Support Human Rights Activists in Syria

Support Human Rights Activists in Syria

Project Report | Oct 6, 2023
Update Support Human Rights Activists in Syria #6

By Michael Ader | Communications Officer

SJAC published two new training videos this quarter. While much of our documentation training focuses on collecting witness and survivor statements, these new videos teach specific skills on open-source data analysis.

Field documentation is a critical tool for activists, however, conditions on the ground may prevent access to witnesses and survivors. In these situations, the analysis of open-source data, including images, videos, and social media posts can become an important resource for investigating claims of war crimes and human rights abuses.

In the first video, SJAC’s documentation analysts demonstrate the process of identifying unknown actors in videos and images. This can be a valuable skill for revealing the identity of perpetrators who appear in videos, as well as victims whose fate may have otherwise been unknown.

The video illustrates two practical examples of identifying individuals who are suspected of war crimes and crimes against humanity. It then details tracking these individuals through various sources, such as their own social media, to uncover their identity, affiliations, and roles in the crimes.

The Second video focuses on the process of geolocating images and videos to corroborate their authenticity. The large amount of digital documentation produced during the conflict can lead to mislabeling and misattribution, both intentionally to mislead viewers, or accidentally as videos get shared between multiple people. As documentation activists work to build a comprehensive picture of atrocities, it is necessary to identify videos and images that support their investigation and use geolocation skills to link this media to the events under investigation.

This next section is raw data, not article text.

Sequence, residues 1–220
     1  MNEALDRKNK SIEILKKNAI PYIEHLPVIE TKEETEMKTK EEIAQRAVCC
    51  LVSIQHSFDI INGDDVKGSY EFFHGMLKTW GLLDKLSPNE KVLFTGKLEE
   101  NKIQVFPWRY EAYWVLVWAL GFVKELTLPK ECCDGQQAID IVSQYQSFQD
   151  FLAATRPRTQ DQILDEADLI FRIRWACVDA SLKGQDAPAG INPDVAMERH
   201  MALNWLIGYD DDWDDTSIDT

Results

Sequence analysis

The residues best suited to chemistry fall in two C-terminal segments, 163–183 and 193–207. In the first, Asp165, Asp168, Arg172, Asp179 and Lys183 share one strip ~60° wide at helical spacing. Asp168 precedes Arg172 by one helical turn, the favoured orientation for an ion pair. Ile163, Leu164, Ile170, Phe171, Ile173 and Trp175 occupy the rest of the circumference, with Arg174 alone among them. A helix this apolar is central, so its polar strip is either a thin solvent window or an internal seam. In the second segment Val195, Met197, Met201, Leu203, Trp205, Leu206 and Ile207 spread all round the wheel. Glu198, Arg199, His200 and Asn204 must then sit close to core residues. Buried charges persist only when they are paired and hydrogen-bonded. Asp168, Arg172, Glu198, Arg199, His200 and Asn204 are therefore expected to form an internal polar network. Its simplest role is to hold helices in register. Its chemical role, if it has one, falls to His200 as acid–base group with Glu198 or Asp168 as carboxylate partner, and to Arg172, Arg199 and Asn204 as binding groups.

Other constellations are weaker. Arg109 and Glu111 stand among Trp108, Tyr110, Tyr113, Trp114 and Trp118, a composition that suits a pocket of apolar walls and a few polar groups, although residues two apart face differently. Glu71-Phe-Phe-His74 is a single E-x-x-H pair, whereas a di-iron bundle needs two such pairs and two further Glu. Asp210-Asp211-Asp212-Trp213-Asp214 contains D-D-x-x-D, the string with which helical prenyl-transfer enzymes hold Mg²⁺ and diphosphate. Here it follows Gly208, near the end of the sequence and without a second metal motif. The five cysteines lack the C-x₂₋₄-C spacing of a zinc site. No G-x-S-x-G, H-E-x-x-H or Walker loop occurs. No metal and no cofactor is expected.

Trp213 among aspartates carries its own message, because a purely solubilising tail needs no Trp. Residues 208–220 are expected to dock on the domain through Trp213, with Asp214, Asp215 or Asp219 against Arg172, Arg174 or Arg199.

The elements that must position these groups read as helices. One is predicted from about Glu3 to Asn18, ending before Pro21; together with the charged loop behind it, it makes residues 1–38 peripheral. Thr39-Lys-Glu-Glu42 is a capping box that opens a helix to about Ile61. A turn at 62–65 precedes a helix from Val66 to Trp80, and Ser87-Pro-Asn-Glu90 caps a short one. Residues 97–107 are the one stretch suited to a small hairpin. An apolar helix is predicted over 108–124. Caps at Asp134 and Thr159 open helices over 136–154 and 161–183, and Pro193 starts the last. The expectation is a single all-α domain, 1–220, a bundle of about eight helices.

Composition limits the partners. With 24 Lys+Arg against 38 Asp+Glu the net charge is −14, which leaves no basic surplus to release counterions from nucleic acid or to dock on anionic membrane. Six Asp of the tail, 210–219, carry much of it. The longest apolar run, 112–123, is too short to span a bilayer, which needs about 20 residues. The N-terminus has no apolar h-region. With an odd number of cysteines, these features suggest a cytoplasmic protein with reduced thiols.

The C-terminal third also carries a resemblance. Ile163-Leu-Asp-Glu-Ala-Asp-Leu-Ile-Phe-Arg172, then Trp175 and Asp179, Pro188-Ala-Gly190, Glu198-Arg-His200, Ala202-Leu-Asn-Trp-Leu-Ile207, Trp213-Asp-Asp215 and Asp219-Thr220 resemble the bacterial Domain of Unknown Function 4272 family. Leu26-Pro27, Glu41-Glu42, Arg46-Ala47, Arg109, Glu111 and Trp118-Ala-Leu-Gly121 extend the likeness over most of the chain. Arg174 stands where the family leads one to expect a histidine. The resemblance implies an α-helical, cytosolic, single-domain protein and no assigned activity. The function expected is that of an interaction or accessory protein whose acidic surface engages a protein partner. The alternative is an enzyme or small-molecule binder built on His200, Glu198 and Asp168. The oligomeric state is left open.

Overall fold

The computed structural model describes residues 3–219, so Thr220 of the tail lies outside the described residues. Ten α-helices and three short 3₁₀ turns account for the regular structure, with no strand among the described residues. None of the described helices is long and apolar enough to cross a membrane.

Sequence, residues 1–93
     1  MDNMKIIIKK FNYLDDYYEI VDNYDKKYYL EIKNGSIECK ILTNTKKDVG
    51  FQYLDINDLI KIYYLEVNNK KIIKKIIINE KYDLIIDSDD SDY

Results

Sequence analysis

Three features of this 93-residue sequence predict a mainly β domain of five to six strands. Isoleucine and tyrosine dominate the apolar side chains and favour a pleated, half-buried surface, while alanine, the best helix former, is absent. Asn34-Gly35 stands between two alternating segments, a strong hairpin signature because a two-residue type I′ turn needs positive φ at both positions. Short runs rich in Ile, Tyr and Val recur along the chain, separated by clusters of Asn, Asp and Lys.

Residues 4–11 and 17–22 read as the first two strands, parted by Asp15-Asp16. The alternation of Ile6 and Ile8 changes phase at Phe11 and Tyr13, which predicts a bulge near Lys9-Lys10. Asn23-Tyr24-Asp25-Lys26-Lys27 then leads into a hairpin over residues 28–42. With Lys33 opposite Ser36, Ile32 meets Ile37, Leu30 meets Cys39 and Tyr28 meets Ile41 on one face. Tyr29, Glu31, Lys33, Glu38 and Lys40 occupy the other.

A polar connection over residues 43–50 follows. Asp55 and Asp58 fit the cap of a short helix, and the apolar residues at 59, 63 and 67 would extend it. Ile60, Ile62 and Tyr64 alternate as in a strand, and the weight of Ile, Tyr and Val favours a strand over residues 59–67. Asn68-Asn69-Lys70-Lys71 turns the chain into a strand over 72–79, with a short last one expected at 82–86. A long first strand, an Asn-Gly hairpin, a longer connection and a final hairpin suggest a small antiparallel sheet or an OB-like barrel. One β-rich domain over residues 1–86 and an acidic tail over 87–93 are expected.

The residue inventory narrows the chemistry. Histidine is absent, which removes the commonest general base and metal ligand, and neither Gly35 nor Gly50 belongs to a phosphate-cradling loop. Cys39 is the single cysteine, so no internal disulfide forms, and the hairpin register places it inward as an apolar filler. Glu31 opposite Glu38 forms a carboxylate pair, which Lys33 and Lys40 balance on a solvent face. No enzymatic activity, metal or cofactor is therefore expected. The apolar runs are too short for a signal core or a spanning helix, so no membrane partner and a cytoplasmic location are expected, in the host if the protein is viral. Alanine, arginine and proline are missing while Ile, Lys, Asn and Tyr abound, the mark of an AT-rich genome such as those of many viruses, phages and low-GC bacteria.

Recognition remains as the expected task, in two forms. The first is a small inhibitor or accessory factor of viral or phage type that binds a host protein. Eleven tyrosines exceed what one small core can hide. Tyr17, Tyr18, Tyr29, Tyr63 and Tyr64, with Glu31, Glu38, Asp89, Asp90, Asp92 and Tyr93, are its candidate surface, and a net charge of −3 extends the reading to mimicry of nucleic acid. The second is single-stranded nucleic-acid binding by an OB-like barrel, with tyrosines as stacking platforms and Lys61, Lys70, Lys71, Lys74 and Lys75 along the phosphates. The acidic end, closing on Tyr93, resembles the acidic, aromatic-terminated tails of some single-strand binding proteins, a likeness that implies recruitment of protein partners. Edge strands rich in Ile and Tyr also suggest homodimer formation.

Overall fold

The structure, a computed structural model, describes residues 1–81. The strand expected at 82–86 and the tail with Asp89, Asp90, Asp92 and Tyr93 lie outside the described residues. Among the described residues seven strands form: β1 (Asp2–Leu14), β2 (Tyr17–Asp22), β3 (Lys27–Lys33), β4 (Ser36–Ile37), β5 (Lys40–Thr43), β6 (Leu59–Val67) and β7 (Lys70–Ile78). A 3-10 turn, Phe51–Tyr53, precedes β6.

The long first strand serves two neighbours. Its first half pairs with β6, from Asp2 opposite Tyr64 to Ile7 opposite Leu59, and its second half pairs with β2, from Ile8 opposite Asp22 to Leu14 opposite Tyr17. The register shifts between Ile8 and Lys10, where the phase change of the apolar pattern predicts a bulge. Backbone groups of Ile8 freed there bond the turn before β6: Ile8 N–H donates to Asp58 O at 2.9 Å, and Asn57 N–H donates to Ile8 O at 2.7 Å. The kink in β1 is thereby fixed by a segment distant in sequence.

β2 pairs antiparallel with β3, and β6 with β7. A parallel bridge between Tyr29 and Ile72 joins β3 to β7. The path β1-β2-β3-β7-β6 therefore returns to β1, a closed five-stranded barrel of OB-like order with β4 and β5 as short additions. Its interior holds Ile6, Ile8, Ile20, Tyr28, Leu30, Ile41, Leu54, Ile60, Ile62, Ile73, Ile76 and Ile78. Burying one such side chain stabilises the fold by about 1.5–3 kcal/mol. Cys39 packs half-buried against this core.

The video presents two scenarios where geolocation is necessary and guides viewers through the process of verifying the authenticity and credibility of imagery and using specialized open-source tools that aid in the geolocation process. With these skills, activists can lead credible investigations that reveal the true extent of crimes committed in a conflict.


Although these videos are currently accessible on YouTube, they will eventually be included in SJAC’s documentation training platform where SJAC plans to post additional data-analysis trainings in the coming months.

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Organization Information


Location: Washington, DC - USA
Facebook: Facebook Page
Twitter: @SJAC_info
Project Leader:
Michael Ader
Washington , DC United States

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